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Alanis Morissette's first Sydney gig in two decades was a '90s singalong dream

Written by
Ben Neutze
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When Alanis Morissette last performed in Australia it was 1999 and she was at the height of her popularity. Her 1995 breakthrough album Jagged Little Pill had become an award-winning, record-smashing international phenomenon, and her 1998 follow-up Supposed Former Infatuation Junkie was selling strongly.

At her first Sydney concert in almost two decades, you could certainly feel the time that had passed between then and now.

Morissette has mellowed and so have her fans. She used to leap around the stage for her grungier hits with her straggly long locks flying wildly across the stage. She now opts for a neater look – perfectly straightened hair and a smart blazer – and performed her entire set from a stool.

But there are things that haven't shifted: Morissette's vocal delivery has retained all of its attitude and electricity and her fans – instructed to remain seated at all times – still find the same joy in her straight-shooting lyrics. And she's still able to connect with her audience in an intimate way: she chatted about the similarities between Australian and Canadian humour and poked fun at her younger self for not understanding the finer points of irony

Morissette performed these Australian concerts – two shows at Melbourne's Palais Theatre and one at the 8,000-seat ICC Sydney Theatre – with just two guitarists and her trusty harmonica, delivering an acoustic set of every major hit she's had. She doesn't have any new album to flog and clearly just wanted to give her fans the songs they know and love. As she told the crowd, once she's released a song to the world, it belongs to the fans.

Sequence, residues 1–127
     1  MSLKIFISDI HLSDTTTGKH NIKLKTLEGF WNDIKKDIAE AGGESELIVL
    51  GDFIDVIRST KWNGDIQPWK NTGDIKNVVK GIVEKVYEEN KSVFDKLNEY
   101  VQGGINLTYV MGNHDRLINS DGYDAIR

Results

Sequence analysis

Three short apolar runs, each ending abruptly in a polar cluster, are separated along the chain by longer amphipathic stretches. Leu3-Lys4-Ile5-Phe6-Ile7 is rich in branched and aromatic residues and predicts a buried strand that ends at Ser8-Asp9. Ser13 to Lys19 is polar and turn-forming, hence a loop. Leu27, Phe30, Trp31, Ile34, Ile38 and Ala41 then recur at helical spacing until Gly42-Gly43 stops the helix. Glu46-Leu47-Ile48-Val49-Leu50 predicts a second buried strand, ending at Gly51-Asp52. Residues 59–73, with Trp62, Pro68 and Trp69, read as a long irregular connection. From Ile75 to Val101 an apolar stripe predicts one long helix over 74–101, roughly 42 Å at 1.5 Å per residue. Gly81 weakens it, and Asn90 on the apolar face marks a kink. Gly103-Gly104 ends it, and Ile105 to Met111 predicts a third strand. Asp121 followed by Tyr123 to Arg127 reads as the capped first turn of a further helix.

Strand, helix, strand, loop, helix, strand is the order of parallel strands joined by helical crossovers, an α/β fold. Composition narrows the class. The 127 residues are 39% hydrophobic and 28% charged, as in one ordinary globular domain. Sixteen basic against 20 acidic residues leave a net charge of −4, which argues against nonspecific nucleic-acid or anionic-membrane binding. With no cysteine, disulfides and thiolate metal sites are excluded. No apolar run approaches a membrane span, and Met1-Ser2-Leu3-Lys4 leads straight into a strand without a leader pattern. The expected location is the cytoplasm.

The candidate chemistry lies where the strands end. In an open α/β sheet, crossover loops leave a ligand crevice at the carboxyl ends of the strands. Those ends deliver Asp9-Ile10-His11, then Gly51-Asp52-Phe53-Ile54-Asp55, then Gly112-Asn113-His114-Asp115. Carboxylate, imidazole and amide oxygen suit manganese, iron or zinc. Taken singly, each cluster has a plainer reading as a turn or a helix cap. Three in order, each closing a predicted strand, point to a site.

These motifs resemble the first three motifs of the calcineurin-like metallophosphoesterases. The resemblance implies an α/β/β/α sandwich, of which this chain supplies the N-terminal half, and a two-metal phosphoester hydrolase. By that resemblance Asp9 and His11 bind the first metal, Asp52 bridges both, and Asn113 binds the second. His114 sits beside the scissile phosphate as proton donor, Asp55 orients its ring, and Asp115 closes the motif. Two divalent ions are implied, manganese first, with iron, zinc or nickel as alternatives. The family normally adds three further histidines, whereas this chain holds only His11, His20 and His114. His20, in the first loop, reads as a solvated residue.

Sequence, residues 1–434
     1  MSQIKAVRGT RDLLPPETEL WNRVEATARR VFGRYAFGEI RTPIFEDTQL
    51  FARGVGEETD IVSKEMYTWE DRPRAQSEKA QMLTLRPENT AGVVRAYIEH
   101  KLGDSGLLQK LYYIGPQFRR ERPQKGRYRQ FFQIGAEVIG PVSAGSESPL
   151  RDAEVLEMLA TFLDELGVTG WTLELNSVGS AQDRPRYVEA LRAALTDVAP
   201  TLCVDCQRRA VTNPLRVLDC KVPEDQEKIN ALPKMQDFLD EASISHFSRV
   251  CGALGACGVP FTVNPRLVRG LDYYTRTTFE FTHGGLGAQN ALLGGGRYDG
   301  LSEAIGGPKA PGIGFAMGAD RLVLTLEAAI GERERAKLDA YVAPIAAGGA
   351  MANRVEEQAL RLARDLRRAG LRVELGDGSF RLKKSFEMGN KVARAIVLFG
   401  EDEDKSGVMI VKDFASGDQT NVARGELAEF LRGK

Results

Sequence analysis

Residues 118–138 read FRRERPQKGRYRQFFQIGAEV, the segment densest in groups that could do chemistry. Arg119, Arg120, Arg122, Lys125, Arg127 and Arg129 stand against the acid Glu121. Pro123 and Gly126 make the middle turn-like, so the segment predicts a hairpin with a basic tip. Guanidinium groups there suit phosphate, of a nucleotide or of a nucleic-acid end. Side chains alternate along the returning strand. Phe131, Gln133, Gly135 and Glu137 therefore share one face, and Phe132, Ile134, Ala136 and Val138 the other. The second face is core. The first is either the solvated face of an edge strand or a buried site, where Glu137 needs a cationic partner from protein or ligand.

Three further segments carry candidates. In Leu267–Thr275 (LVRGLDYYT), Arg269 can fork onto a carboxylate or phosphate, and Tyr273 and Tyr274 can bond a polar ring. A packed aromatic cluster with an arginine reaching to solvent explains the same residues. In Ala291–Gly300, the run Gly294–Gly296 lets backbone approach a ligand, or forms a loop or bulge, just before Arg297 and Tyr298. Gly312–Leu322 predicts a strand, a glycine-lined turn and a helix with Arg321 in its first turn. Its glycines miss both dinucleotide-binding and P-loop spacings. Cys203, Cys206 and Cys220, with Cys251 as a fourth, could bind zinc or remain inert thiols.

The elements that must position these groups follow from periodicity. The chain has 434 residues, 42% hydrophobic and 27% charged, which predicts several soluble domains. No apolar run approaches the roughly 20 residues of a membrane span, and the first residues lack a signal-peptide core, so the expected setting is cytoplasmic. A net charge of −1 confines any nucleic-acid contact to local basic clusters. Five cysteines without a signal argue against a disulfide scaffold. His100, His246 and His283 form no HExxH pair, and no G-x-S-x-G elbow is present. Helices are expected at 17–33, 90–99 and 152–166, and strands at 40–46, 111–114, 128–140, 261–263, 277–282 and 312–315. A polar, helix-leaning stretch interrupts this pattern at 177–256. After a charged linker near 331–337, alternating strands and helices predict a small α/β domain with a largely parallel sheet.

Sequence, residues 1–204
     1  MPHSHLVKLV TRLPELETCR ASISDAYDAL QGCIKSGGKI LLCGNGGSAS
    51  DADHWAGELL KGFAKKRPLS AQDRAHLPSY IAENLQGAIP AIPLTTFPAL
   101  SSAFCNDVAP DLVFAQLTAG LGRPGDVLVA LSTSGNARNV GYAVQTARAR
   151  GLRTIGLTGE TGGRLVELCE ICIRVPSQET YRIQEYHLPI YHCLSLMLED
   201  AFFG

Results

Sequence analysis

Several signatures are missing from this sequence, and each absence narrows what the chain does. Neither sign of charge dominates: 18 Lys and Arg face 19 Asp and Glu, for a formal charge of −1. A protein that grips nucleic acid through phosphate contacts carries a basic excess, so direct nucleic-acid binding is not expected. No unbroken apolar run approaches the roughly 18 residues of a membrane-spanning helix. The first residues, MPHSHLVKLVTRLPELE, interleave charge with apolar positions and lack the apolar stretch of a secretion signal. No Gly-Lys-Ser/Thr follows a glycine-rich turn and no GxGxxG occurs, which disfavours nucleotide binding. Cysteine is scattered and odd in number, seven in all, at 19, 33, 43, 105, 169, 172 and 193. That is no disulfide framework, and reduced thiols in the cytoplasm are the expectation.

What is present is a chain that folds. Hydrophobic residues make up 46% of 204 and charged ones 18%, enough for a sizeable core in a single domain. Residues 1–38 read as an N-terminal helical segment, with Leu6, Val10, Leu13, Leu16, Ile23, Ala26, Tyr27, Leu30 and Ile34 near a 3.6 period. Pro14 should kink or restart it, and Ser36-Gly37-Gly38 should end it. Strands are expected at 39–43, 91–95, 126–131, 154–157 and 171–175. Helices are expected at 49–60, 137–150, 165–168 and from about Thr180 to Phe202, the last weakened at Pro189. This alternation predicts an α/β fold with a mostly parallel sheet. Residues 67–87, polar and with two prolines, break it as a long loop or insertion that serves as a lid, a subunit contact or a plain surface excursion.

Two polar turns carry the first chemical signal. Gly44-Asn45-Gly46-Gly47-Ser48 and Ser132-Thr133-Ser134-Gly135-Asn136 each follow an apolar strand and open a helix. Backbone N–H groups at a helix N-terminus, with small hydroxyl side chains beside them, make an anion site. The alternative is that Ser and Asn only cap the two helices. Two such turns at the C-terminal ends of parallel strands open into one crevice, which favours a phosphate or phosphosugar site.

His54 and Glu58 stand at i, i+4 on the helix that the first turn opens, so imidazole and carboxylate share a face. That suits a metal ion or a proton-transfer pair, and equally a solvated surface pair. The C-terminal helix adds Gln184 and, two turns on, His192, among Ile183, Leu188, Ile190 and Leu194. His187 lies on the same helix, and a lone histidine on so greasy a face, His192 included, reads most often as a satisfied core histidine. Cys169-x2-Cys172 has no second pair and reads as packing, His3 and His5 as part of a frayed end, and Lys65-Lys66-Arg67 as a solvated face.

She worked her way through most tracks on Jagged Little Pill – including 'Ironic', 'Hand in Pocket', 'You Oughta Know', 'You Learn' and hits from other albums, such as 'Thank You'. She even pulled out 'Hands Clean', a gorgeously crafted song that feels increasingly relevant as it switches between the perspective of Morissette and an overbearing, powerful older man with whom she had a sexual relationship as a teenager.

Her musical backing may have lacked a little variety – the guitarists mostly just strummed their way through the tracks – but it was an apt set-up for cathartic singalongs. 

When 8,000 Alanis fans, most in their late 20s or 30s, join together to shout out 'You Oughta Know' it's as if everybody's disappointing ex-lovers manifest into one being we can all take on together.

Morissette was just 20 when she started writing Jagged Little Pill, and the songs held wisdom well beyond her years. But they're also songs that most songwriters could only write at that age; you need to still be connected to the unguarded emotional intensity of adolescence to make it work. When most of us pass about 25, the thought of admitting the kind of fragility that lies at the core of Jagged Little Pill becomes absolutely mortifying.

It's that fearless exposure that made us love her, and if that love has been pushed a little into ironic territory, it hasn't dulled. 

Alanis Morissette played the ICC Sydney Theatre on July 24. Want to see more gigs? Check out our hitlist of the best live music venues in Sydney.

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